The costs of healthcare have long created hardship for prime, and non-prime Americans and the recent health crisis of the COVID-19 pandemic, the issues have only become worse.
Even before the pandemic, non-prime folks were at a healthcare disadvantage because they are at a higher likelihood of having to seek out coverage for medical, dental and vision insurance outside of their employer. Now as we continue to deal with the COVID-19 pandemic creating issues such as loss of job or income, it has increased that financial strain.
Prime Americans are not immune to these difficulties. Prime folks report that even before the pandemic they struggled with monthly healthcare premiums, and COVID has made it even more difficult to afford premiums.
The high cost of medical care is a common driving factor of people falling into non-prime status, with 1 in 4 non-prime Americans reporting that they were dealing with medical expenses at the time when their credit disruption caused them to fall out of prime status. The struggles accelerated by the pandemic could cause many Americans to slide into the non-prime population.
In May 2019, The Center published a comprehensive study on non-prime consumers and medical expenses. Conclusions from that study showed just how frequently medical issues metastasize into financial difficulty. Some of these findings include:
•More than half of all Americans have experienced some level of financial hardship in the face of medical bills in the prior five years
•Non-prime Americans were nearly twice as likely to experience a catastrophic disruption to their finances induced by medical bills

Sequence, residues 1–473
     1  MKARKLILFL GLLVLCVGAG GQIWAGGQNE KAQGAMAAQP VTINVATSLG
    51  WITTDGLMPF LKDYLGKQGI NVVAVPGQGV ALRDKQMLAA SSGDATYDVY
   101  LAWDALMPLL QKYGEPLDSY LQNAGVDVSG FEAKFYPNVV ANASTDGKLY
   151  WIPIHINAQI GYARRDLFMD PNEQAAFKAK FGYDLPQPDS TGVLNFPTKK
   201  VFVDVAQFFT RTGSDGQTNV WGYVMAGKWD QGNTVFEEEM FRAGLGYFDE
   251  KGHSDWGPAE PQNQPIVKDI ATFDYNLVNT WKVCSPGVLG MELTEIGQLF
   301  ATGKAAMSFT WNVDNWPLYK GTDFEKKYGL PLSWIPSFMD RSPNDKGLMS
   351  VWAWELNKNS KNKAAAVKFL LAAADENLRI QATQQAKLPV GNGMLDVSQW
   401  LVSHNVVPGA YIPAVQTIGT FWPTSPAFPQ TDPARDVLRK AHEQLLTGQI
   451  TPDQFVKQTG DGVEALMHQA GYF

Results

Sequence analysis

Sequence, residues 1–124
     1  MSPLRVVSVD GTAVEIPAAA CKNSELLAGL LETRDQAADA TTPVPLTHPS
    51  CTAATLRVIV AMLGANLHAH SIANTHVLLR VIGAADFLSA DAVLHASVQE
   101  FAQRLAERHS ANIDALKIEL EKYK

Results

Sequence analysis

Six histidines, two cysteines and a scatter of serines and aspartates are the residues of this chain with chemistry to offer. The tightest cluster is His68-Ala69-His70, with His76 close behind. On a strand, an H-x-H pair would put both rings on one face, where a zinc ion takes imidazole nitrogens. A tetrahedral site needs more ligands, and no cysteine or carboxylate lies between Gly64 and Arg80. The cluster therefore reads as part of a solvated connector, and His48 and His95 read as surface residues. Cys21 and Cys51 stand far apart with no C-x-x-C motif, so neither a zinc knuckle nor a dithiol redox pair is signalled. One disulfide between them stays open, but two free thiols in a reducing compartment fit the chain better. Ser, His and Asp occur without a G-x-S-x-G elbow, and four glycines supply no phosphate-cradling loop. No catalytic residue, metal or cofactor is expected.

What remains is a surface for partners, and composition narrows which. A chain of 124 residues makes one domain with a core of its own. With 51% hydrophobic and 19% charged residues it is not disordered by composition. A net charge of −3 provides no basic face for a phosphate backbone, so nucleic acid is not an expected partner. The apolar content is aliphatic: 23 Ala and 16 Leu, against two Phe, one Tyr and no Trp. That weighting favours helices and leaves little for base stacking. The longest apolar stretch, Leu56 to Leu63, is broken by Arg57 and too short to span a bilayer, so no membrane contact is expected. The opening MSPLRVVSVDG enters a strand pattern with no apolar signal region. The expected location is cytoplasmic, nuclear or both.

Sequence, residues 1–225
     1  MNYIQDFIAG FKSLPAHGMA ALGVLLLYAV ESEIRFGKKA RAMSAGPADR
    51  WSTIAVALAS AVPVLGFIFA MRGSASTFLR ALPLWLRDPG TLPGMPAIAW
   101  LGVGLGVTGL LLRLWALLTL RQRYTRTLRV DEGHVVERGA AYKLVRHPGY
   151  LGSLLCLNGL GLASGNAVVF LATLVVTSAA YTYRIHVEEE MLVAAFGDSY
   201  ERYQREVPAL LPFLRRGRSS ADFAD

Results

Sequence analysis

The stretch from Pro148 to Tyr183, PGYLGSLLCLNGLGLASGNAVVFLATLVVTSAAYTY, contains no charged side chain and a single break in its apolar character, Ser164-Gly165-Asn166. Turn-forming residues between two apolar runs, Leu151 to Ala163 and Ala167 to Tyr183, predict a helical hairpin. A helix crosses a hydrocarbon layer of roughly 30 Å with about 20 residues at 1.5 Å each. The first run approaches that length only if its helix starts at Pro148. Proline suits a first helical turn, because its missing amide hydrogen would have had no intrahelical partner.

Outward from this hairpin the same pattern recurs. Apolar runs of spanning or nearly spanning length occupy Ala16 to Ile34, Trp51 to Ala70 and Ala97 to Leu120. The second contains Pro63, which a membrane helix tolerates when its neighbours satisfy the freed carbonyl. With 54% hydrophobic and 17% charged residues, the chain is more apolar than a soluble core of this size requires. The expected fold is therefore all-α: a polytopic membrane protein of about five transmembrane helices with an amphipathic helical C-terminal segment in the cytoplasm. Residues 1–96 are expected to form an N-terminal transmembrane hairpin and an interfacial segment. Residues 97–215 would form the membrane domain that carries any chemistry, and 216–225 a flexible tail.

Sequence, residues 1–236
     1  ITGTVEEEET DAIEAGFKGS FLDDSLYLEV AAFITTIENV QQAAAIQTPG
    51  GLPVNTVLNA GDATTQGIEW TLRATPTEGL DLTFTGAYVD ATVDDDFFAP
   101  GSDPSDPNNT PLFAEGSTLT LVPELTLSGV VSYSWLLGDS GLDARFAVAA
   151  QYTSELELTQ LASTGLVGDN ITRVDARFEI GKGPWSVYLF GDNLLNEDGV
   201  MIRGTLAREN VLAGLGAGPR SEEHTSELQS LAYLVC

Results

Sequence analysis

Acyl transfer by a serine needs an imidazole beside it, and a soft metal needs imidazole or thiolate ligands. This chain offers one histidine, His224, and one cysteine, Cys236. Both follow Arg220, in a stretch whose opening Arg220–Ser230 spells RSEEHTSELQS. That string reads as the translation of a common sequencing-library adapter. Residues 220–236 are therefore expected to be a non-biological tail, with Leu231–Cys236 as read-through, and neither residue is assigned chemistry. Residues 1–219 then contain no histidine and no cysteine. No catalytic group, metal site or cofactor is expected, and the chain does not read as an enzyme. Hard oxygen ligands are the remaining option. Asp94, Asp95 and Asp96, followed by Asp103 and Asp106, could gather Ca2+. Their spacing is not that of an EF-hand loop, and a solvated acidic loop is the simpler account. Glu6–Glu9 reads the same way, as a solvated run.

•Non-prime Americans are much more likely to report that they have average or below average health insurance
•The top three medical events that caused disruption to household finances were: inpatient treatment at a hospital, emergency room visit, and outpatient treatment (such as surgery where you are not admitted to a hospital) •Half of non-prime American said prescription costs were disruptive
•A third of non-prime Americans (and 12% of prime Americans) said that medical bill-induced financial hardship caused them to be unable to pay other bills
•Both prime and non-prime respondents spoke about needing to sacrifice to cover medical expense
Medical expenses continue to be a central challenge for American households, one that can spiral out of control and leave their finances in a shambles.
Source of medical insurance
Nonprime Americans are much less likely to obtain their medical insurance through their (or their spouse’s) employer.
Dental insurance covered by employer
Dental is slightly less likely to be provided by an employer than medical insurance, but non-prime Americans are still much less likely to obtain it through their (or their spouse’s) employer.
Vision covered by employer
The trend continues with vision coverage. Just over 2 in 3 prime Americans receive vision coverage through their employer, while just over 2 in 5 non-prime Americans have that protection through an employer.
The strain of out-of-pocket healthcare costs
49% of Americans said that out-of-pocket healthcare costs cause at least “a little” strain on their finances. The pandemic has worsened that situation such that more than half of all Americans are feeling some strain.
The strain of health insurance premiums
The strain of health insurance premiums is one of the few categories where prime Americans consistently fare worse than non-prime. During the pandemic, more than half of prime Americans reported that health insurance puts “a little” or “a lot” of strain on their month-to-month finances.
COVID stimulus check spending
Prime Americans are more likely to report using at least part of their government stimulus check for medical costs. Both prime and non-prime Americans were more likely to spend on routine medical costs, like doctor’s co-pays, prescriptions, and well visits.
Drivers of Becoming Non-prime
In May 2019, The Center for the New Middle Class conducted a study to determine what caused people to fall out of prime credit status. One of the central factors ended up being medical related expenses. These expenses often accompanied a loss in income (either because the person couldn’t work or because the person had to be the caregiver to a sick loved one).